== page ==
My secret life is filled with psychic vampires, wheelchair zombies, chain-rattlin’ ghosts, and a one-eyed cat. But they’re nothing compared to my real-life stalker: a sixth-grade girl named Kandi Kain…
Lincoln Jones is always working on the latest story he’s got going in his notebook. Those stories are his refuge. A place where the hero always prevails and the bad guy goes to jail. Real life is messy and complicated, so Lincoln sticks to fiction and keeps to himself. Which works fine until a nosy girl at his new school starts prying into his private business. She wants to know what he’s writing, where he disappears to after school, and why he never talks to anybody…
The Secret Life of Lincoln Jones is a terrifically funny and poignant story about a boy finding the courage to get to know the real characters all around him—and to let them know him.
Potentially Sensitive Areas: References to domestic abuse
Booklist (October 15, 2016 (Online))
Grades 4-7. Sixth grade is tough, especially when you’re new and spend your afternoons with the “oldies” at Brookside, a memory care facility. Lincoln’s ma, having recently escaped an abusive boyfriend, takes a job as a caregiver at Brookside. At school, Lincoln hides his love of writing stories, his thick Southern accent, and, most important, his Brookside connection. Lincoln thinks all the Brookside oldies are crazy, but as he gets to know them, he realizes he’s seeing the illogical, heartbreaking effects of dementia. Humorous dialogue and a swift plot, occasionally dragged down by contrived situations, anchor this realistic story. Lincoln is a delightful narrator, prone to daydreaming about stories. He has a strong, supportive relationship with his mother, although his ability to bounce back after living in an abusive situation seems unrealistic. Aging and dying with dignity are lightly touched upon, but never quite as deeply as one would hope. This book is a good place to start a classroom discussion on intergenerational relationships and the effects of memory loss.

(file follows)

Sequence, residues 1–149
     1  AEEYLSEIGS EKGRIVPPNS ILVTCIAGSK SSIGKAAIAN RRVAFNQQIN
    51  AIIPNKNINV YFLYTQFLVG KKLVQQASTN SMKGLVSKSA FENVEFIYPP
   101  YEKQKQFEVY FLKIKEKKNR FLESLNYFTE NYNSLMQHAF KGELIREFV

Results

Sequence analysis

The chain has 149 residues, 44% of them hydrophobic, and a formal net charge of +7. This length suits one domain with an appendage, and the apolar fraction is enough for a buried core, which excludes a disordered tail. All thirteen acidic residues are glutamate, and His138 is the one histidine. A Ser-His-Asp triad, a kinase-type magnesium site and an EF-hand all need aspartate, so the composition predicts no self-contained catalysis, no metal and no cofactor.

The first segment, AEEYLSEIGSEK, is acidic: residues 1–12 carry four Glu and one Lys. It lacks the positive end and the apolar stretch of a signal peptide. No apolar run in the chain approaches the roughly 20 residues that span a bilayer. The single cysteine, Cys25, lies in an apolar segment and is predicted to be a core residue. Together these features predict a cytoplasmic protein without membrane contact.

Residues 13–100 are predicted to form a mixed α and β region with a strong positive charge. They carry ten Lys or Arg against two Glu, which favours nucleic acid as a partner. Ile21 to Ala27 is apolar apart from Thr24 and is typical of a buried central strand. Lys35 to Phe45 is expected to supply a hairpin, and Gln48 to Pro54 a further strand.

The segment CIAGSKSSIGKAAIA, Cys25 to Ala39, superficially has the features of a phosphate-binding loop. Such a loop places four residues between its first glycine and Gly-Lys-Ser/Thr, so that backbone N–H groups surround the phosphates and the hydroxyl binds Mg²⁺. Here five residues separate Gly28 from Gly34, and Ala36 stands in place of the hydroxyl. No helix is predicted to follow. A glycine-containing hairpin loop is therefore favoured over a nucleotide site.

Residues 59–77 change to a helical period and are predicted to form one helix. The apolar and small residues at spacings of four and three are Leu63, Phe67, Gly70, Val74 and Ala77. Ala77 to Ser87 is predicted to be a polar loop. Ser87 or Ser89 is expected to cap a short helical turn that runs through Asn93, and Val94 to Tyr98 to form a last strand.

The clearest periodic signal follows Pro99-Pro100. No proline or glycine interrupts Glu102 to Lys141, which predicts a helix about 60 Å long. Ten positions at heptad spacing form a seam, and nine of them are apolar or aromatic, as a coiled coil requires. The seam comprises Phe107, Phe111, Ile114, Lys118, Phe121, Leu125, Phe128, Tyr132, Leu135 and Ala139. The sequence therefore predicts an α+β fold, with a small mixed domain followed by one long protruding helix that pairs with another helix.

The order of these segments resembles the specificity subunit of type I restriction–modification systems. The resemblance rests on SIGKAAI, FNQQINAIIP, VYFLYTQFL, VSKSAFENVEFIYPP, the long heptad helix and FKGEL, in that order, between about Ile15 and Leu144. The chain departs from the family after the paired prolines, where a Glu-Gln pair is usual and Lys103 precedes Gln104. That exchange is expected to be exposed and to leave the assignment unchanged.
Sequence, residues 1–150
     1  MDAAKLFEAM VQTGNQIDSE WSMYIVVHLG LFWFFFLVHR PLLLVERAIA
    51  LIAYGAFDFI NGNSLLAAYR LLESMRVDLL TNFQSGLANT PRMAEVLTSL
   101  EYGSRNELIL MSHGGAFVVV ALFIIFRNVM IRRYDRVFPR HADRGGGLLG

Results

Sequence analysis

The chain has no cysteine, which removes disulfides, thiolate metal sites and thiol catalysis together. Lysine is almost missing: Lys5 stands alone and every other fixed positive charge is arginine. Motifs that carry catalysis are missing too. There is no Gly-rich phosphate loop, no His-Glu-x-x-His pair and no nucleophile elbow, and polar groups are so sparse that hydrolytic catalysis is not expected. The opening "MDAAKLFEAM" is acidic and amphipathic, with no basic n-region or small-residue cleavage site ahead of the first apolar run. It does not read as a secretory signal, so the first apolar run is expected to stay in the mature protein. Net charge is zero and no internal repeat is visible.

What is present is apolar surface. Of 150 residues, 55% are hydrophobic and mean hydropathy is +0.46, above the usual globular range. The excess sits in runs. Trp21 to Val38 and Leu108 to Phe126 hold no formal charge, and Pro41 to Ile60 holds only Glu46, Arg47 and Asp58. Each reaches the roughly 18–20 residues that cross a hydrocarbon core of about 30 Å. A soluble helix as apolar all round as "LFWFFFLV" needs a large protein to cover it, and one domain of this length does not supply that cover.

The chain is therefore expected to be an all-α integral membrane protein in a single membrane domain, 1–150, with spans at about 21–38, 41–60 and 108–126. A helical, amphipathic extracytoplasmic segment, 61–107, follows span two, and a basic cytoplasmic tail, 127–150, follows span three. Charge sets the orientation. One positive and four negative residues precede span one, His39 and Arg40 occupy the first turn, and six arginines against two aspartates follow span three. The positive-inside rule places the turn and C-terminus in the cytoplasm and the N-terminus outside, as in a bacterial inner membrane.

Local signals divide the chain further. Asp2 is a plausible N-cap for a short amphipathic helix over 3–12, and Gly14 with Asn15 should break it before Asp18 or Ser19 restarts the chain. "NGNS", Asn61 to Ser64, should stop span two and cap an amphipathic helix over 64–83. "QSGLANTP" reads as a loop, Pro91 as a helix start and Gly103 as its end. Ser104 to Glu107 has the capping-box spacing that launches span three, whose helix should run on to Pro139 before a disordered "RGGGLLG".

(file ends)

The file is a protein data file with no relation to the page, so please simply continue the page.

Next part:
Publishers Weekly Annex (October 17, 2016)
Eleven-year-old Lincoln has several secrets: the stories he writes in his notebook, his cross-country move with his mother to escape her abusive boyfriend, and the home for people with memory loss and dementia where his mother works (and where Lincoln hangs out after school). Lincoln, who thinks of the residents as “the crazies,” is mortified at the thought of his classmates discovering where he spends his time-he’s already an outcast and a bullying target. But one outspoken classmate, the memorably named Kandi Kane, takes a persistent interest in him and as Lincoln gets to know the group home’s residents better, he begins to see that he isn’t the only one with secrets and stories. Van Draanen (the Sammy Keyes series) effectively portrays the frustrations of aging and memory loss through a mix of humor, sharp-eyed observations, and the compassion of Lincoln’s mother and her colleagues. Lincoln is relatable in his flaws and insecurities, and the story’s supporting characters are equally well-developed. It’s a moving coming-of-age story about creating new and unexpected connections. Ages 8-12. Agent: Ginger Knowlton, Curtis Brown.
About the Author
Wendelin Van Draanen has written more than thirty novels for young readers and teens. She is the author of the 18-book Edgar-winning Sammy Keyes mystery series, and wrote Flipped which was named a Top 100 Children’s Novel for the 21st Century by SLJ and became a Warner Brothers feature film in 2010.
Her other stand-alone titles include The Secret Life of Lincoln Jones, Runaway, Confessions of a Serial Kisser, Swear to Howdy, and The Running Dream which was awarded ALA’s Schneider Family Award for its portrayal of the disability experience.
Van Draanen has also created two four-book series for younger readers. The Shredderman books feature a boy who deals with a bully and received the Christopher Award for “affirming the highest values of the human spirit,” and The Gecko & Sticky books, which are fun read-alouds, perfect for reluctant readers.
A classroom teacher for fifteen years, Van Draanen is married to Mark Huntley Parsons, also an author, and they have two sons.
Her website is www.wendelinvand.com.
Around the Web
The Secret Life of Lincoln Jones on Amazon
The Secret Life of Lincoln Jones on JLG
The Secret Life of Lincoln Jones on Goodreads